Georgia Chamber CEO: Addressing Georgia's Labor Crisis

Chris Clark

Monday, June 21st, 2021

Over the last 40 years, Georgia has experienced substantial economic growth. We went from being the 17th largest state economy in the U.S. to being the 9th largest economy. Critical to that growth has been the focus to improve Georgia’s world class talent pipeline. Economic developers learned in the last 20 years that companies take for granted traditional infrastructure like water and sewer and, today, focus on quality of life that is attractive to their employees.

In our current environment, that focus on talent is as important for small businesses and start-ups as it is for large corporations and manufacturing operations. The labor crisis gripping America was not unforeseen. It simply arrived, like most future trends did in this last year, ahead of schedule with the onset of COVID.

The Georgia Chamber has been focused on this issue since our research in 2015 showed an aging workforce and the coming grey tsunami. Research also showed the skills needed by tomorrow’s workers were changing more rapidly than our current education system was equipped to manage. A new job category in 2012 required a 4-year degree. By 2015, the industry decided it only needed a 2-year degree, and in 2019, that same job simply required an 8-week certification. The COVID-induced recession, and the digital disruption it brought to our economy, expedited changes to the job market that would have taken a decade and allowed us more time to plan and adapt accordingly.

As measured by GDP, growth is driven by two factors: the working population and the productivity of those workers. According to McKinsey, Georgia has had a decline in the number of workers moving to the state, even before COVID. There also has been a drastic decline in the number of Georgians participating in the workforce, indicated by a workforce participation rate of 63%, and most active workers were working fewer hours than before, reducing overall productivity. Most economic measures indicated that the state was experiencing full employment, but Georgia employers were struggling to fill openings. Those trends have been compounded, and currently employers are being forced to turn down contracts, raise prices or close their doors. And many are changing their entire business model.

However, among those businesses open, rebounding and thriving is a common thread. They are listening to their employees and the labor market. Salary and benefits, alone, are no longer the currency for competitive employment. Now, employers must consider flexible hours, higher wages, signing bonuses, childcare options or vouchers, and even transportation support. Companies are focused on keeping employees and their families safe and healthy, supporting personal and professional demands to competitively offer an overall work-life balance.

Georgia’s elected leaders have equally been committed to helping solve these issues with businesses. Governor Kemp, Commissioner Butler, Superintendent Woods, Chancellor Wrigley, Commissioner Dozier, the Georgia Partnership for Excellence in Education (GPEE), and other state leaders are engaged and focused on real world, free enterprise solutions. And while efforts are creating short term results, there remains a labor cliff that is rapidly approaching. Most economists agree that by 2030, the U.S. will need 16 million additional workers as baby boomers exit the office and technology becomes more prominent. So, how do we tackle that looming crisis?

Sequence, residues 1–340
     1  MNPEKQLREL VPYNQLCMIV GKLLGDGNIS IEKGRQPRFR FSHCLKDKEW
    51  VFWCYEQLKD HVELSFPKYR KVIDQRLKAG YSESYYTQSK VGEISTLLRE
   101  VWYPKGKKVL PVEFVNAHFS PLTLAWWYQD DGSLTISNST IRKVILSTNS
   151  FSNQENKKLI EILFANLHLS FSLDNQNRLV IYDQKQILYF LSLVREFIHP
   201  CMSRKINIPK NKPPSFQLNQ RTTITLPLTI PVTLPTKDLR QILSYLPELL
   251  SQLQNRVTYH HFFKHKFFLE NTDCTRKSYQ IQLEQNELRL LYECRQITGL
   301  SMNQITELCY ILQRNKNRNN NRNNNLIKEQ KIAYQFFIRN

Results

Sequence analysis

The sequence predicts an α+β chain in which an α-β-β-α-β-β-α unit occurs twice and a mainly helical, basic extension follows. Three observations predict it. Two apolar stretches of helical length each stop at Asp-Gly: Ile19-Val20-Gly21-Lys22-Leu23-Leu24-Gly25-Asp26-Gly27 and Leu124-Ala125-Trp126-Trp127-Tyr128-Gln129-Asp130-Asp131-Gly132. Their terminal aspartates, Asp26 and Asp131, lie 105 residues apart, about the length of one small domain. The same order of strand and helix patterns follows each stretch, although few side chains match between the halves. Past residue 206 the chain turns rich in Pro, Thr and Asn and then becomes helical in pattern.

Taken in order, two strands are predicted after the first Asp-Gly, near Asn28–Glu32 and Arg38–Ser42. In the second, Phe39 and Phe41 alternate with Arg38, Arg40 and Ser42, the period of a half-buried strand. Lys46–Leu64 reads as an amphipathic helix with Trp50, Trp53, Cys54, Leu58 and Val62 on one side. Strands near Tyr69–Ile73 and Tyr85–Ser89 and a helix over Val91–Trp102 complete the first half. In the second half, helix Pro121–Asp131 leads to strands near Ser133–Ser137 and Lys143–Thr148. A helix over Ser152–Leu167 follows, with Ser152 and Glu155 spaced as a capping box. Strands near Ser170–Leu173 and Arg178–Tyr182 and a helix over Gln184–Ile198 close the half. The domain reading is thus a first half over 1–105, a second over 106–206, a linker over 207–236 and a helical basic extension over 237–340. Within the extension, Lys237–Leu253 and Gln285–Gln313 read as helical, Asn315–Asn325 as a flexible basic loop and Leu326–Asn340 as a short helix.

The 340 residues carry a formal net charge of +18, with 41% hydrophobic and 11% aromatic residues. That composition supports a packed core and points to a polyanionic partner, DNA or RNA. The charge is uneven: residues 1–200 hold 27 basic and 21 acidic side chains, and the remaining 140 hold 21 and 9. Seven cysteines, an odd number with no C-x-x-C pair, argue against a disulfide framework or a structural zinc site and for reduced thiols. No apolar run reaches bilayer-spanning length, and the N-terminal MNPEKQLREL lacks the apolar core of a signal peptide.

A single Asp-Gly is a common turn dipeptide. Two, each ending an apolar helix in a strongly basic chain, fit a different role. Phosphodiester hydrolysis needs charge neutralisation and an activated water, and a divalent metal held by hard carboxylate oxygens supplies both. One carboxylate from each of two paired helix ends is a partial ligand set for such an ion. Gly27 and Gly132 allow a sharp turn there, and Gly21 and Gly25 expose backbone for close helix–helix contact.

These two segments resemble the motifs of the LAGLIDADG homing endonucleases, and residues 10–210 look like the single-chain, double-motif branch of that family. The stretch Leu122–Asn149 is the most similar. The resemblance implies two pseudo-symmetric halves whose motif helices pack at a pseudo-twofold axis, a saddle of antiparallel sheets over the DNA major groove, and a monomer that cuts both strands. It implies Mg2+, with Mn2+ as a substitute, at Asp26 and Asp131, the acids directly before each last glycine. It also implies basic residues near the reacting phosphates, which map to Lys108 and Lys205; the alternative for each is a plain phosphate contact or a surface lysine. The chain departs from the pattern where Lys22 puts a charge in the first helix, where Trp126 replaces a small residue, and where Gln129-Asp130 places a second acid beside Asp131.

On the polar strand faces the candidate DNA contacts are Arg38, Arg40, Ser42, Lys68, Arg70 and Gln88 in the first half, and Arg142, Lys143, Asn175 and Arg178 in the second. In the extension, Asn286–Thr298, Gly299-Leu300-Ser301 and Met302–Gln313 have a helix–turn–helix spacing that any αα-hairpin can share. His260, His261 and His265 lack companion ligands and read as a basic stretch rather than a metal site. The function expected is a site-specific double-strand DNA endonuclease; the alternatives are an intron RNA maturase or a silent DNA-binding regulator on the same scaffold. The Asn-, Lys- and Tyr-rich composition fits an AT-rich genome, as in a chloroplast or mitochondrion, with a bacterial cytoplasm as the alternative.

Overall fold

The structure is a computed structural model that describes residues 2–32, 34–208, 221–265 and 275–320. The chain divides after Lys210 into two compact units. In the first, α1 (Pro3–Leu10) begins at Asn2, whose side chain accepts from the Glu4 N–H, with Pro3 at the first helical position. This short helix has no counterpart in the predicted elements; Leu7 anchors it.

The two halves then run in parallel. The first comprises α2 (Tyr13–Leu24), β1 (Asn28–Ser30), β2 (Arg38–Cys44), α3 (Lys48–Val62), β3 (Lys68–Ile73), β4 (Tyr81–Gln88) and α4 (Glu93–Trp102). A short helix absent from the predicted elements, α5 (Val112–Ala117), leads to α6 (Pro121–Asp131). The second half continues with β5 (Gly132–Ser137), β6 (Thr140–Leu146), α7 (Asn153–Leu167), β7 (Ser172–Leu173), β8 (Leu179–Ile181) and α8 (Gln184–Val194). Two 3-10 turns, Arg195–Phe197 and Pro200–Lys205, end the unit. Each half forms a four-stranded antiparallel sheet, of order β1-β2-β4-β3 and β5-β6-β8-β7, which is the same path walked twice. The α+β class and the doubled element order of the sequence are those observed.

First, we focus on getting Georgians who want to work, back to work. Families need childcare and transportation support. Veterans require assistance as they transition to the private labor market. And second-chance workers should have solid re-entry programs to successfully transition back into the workforce.

Second, as GPEE has illustrated through data and research, we must rethink K-12 education and the skills that the 2030 talent demand will create. Following that will be dramatic changes in technical and university education. We must invest in innovation within education, supporting the success of distressed communities and addressing systemic problems. Then, we need to graduate more individuals from our technical colleges and universities. By 2025, 60% of jobs will require post-secondary education. Currently, only 36.8% of Georgians have an associate degree or above. The Smart Decisions Coalition is currently offering three $5,000 mini-grants through the Georgia Chamber Foundation for school districts and communities to ensure students understand the career options in STEM-related fields. Continued focus on efforts such as these, will offer resources to develop and train talent for tomorrow’s jobs.

Third, America needs a reset on legal immigration. In 2018, Georgia created 113,000 jobs which would require in-state talent as well as new arrivals to fill them. Unfortunately, this demand was met with a 5% decrease in workforce participation over the past decade, costing Georgia about $45 billion, or 8%, in potential annual economic output. Our state must remove licensing barriers to foreign-born who have legally immigrated to Georgia, so they can utilize their existing skills to fully contribute to our economy, rather than wading through the existing red-tape.

Through it all, we need open and honest, bipartisan policy discussions. We need employers focused on being a great place to work, while their workers take logical and diligent steps toward safe return, getting vaccinated and choosing to upskill and educate themselves on the job requirements of tomorrow.

The future of Georgia’s economic prosperity rests on addressing both the short- and long-term issues. The Georgia Chamber will continue to lead and facilitate this larger discussion through events, programs and initiatives designed to educate and inform on these rapidly emerging trends. To learn more, visit, or check out